Claytonia caroliniana and Claytonia virginica
There are two kinds of Spring Beauties in our area. Above is the “wide-leaved” Spring Beauty, or Claytonia caroliniana. The single pair of leaves on this small plant are ovate to lanceolate; the margin is entire. The lovely pink to white flowers are sweetly marked –each of the 5 petals is adorned with dark pink stripes that radiate out from the center of the flower.
The second type of Spring Beauty is the most common one–it is called Virginia Spring Beauty or just Spring Beauty (Claytonia virginica). Here, the leaves are quite different from the Carolina species. They are long and narrow, and somewhat grass-like. The white to pink petals of the flower are lightly etched with pink veins. It is also known as “wild Potato” because the round corm of the plant is edible. See the images below and note the thread-like (or strap-like) leaves.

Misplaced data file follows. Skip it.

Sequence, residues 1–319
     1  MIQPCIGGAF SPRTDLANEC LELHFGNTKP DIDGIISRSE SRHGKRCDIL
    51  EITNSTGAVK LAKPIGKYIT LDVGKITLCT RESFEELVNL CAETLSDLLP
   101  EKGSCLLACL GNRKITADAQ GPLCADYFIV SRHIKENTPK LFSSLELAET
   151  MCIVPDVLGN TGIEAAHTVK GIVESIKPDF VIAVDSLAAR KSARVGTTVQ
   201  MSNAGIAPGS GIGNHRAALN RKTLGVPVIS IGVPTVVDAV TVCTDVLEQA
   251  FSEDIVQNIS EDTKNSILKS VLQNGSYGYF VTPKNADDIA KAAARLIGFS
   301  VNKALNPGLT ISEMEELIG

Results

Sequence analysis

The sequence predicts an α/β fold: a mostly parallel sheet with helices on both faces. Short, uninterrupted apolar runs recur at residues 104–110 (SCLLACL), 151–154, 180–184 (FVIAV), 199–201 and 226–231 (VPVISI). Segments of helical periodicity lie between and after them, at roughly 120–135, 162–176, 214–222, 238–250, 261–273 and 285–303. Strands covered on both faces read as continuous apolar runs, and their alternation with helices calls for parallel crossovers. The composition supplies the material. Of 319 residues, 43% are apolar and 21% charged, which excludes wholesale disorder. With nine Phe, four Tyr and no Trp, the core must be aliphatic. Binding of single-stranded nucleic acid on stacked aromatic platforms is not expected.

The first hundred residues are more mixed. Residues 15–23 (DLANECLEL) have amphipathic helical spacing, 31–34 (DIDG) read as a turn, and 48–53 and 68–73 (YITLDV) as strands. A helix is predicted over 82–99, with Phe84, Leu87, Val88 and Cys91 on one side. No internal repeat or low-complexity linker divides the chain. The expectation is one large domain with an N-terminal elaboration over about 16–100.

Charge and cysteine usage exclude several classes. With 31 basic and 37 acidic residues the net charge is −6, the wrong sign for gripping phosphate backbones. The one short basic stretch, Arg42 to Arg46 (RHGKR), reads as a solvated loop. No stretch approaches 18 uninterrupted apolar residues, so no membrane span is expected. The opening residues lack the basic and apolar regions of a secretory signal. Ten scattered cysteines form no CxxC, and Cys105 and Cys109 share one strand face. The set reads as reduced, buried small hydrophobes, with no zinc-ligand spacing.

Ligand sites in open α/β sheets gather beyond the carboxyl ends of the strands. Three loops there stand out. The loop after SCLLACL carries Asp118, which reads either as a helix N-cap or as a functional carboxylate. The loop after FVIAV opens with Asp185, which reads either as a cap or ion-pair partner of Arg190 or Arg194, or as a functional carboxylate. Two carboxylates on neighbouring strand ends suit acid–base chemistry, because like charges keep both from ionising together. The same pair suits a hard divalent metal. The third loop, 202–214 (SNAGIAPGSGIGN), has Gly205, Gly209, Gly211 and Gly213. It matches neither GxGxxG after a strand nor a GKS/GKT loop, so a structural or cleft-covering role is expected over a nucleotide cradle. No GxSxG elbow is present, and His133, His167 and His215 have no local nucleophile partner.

Of the two species, the Carolina Spring Beauty is less common. The photos of the Carolina Spring Beauties were taken in late March along Mill Creek in Narrows, VA, and in mid-April along Rock Castle Creek Gorge in Floyd County. The Virginia Spring Beauties were photographed in Blacksburg.
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Where is the “Bird-On-The-Wing”? I know it is rare but it is growing in large patches bordering a field on Mine Mt. near Bergton, Va.
I think I have this listed as “Gaywings”. https://virginiawildflowers.org/2015/04/29/gaywings/
Heading north on 81 in VA, enjoying all the yellow wildflowers. Can you tell me what they are?
I think they are mustards, and probably Yellow Rocket.